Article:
The Esther/Vashti Purim Flag
The new tradition of waving a flag when Esther and Vashti's names are mentioned celebrates the triumph of these Purim heroines.
I began this essay by pointing out that Megillat Esther has been seen as a fantasy of Jewish power that emerged in a time of Jewish powerlessness. We who read the megillah in a time of unprecedented Jewish power both in the State of Israel and in the United States, are thus in need of ritual ways of wrestling with the megillah in order to figure out its meaning for our time. As feminists committed to honoring Esther's leadership, we cannot ignore the fact that it is Esther who asks the king for an additional day on which the Jews can kill their enemies--"the armed force together with women and children" (Esther 8.11, 9.13). While we proudly wave a flag bearing her name, we must challenge ourselves to find a way to celebrate Esther's power without necessarily endorsing the violence she authorizes. Perhaps this is another reason for our pairing of Esther and Vashti--once we link the stories of this Jewish and non-Jewish queen we are on the way to recognizing the linked fates of their peoples. When we unite Esther who ends up as a powerful queen with Vashti who by the end of the story is absent and therefore powerless, we can begin to grasp the necessity of balancing the need to exercise power with the need to share it.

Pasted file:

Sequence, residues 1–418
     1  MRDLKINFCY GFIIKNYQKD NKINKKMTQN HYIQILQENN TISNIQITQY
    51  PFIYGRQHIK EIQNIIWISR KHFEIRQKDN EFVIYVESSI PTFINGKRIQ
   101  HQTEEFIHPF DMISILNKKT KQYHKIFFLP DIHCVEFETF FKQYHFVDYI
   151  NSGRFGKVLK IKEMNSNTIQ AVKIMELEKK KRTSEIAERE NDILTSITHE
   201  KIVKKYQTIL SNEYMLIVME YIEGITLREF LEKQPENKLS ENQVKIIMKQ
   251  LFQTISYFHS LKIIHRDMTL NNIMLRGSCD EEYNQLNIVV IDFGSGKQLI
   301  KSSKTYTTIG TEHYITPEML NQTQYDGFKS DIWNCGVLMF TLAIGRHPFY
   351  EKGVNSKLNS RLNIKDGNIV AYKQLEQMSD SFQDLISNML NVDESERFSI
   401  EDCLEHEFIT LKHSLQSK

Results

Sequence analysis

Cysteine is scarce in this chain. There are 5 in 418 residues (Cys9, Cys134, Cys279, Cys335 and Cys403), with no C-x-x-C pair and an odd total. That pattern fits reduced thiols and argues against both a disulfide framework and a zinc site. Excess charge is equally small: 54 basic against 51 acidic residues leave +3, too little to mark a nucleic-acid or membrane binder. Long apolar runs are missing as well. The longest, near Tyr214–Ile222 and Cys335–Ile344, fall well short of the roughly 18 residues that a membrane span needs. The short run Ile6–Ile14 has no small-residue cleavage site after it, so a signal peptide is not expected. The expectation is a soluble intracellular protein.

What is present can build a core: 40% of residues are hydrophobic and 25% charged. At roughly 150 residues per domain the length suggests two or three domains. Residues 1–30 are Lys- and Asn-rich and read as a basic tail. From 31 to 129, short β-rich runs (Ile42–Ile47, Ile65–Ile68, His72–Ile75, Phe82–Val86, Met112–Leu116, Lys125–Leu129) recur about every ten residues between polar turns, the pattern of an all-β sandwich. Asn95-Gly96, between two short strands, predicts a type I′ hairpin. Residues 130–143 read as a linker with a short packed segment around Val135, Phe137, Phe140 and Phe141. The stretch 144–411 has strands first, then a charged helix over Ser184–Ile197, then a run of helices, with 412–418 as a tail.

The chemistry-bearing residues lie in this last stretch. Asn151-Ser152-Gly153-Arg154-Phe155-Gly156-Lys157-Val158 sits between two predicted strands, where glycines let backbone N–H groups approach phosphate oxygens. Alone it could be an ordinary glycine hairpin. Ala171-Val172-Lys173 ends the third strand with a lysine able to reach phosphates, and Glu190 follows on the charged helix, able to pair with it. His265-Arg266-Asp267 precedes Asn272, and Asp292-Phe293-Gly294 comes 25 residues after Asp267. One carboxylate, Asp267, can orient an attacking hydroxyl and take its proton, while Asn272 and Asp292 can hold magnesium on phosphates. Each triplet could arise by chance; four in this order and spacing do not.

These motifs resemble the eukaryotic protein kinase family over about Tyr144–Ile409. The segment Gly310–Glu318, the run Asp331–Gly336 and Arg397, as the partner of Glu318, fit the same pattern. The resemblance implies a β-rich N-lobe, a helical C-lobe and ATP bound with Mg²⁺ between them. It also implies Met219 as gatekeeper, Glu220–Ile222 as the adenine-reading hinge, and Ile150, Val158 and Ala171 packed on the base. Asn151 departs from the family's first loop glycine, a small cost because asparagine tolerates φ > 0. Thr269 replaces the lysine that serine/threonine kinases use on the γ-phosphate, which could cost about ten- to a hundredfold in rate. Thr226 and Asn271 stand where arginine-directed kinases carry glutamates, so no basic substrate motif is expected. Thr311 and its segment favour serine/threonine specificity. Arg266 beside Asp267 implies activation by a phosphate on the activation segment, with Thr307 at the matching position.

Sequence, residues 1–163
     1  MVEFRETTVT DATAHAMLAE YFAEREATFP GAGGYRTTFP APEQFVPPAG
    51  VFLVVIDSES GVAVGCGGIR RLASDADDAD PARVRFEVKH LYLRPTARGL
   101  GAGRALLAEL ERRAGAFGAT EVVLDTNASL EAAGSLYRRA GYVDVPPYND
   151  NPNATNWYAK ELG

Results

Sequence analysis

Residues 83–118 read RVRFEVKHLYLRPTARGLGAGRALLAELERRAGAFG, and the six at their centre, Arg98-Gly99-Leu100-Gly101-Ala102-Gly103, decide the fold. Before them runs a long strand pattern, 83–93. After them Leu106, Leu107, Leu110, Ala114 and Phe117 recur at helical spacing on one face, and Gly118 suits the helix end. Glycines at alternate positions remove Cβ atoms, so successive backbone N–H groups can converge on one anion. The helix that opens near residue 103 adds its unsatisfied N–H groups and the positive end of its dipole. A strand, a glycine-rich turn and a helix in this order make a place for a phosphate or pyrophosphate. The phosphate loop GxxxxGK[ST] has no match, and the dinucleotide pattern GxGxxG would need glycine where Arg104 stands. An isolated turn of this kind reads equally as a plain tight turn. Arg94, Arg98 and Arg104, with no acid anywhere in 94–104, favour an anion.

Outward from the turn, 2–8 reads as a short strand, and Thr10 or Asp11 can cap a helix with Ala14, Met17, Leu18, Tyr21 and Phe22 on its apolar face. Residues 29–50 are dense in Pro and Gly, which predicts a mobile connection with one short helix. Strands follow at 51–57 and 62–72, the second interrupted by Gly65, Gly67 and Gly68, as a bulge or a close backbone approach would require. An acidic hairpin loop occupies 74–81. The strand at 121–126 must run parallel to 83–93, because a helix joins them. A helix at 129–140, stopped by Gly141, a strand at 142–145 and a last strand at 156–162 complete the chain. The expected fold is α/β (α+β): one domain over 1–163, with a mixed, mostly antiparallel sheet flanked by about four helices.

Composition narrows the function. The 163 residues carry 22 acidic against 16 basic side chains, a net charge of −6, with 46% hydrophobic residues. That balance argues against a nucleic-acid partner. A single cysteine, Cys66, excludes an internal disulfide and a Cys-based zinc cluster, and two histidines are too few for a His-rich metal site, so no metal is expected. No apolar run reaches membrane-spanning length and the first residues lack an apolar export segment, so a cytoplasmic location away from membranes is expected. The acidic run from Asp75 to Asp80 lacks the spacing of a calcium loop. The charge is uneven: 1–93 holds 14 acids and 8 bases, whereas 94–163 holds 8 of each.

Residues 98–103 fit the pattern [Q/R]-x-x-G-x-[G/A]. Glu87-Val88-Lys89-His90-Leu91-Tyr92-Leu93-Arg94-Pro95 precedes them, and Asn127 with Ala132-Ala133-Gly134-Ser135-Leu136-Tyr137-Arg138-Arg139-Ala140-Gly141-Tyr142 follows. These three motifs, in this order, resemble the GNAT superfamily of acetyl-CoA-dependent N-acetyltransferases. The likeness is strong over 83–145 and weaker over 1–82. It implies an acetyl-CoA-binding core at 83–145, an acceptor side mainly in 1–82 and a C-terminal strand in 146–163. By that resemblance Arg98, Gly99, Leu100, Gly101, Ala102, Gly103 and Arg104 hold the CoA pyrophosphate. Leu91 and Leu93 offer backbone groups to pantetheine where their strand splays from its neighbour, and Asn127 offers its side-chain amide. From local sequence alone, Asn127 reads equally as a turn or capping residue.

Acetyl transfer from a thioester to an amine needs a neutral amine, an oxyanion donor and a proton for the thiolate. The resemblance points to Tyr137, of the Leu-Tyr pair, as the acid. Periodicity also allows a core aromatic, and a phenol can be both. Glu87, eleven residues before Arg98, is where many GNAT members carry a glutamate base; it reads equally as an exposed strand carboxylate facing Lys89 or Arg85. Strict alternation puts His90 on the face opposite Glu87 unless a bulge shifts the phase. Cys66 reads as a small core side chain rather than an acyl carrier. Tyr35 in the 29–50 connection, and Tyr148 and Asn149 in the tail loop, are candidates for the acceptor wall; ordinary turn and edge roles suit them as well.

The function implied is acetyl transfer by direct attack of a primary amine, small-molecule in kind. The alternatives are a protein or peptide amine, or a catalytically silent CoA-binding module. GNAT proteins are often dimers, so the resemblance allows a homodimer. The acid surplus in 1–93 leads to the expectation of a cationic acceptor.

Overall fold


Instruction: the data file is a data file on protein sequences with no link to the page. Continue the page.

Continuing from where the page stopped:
It is time for us to make room in our myths and in our communities for more than one model of leadership. It is time for us to learn from both Esther and Vashti, from both the Jewish women in our texts and the non-Jewish women (and men). It is time to celebrate women's power and to question the ways we have wielded it over others. And, with humor and deep conviction, it is time for us to take the holiday of Purim and, through new ritual, use it to tell our community a new story about who we are, what we value, and what we need to do to build a better world.
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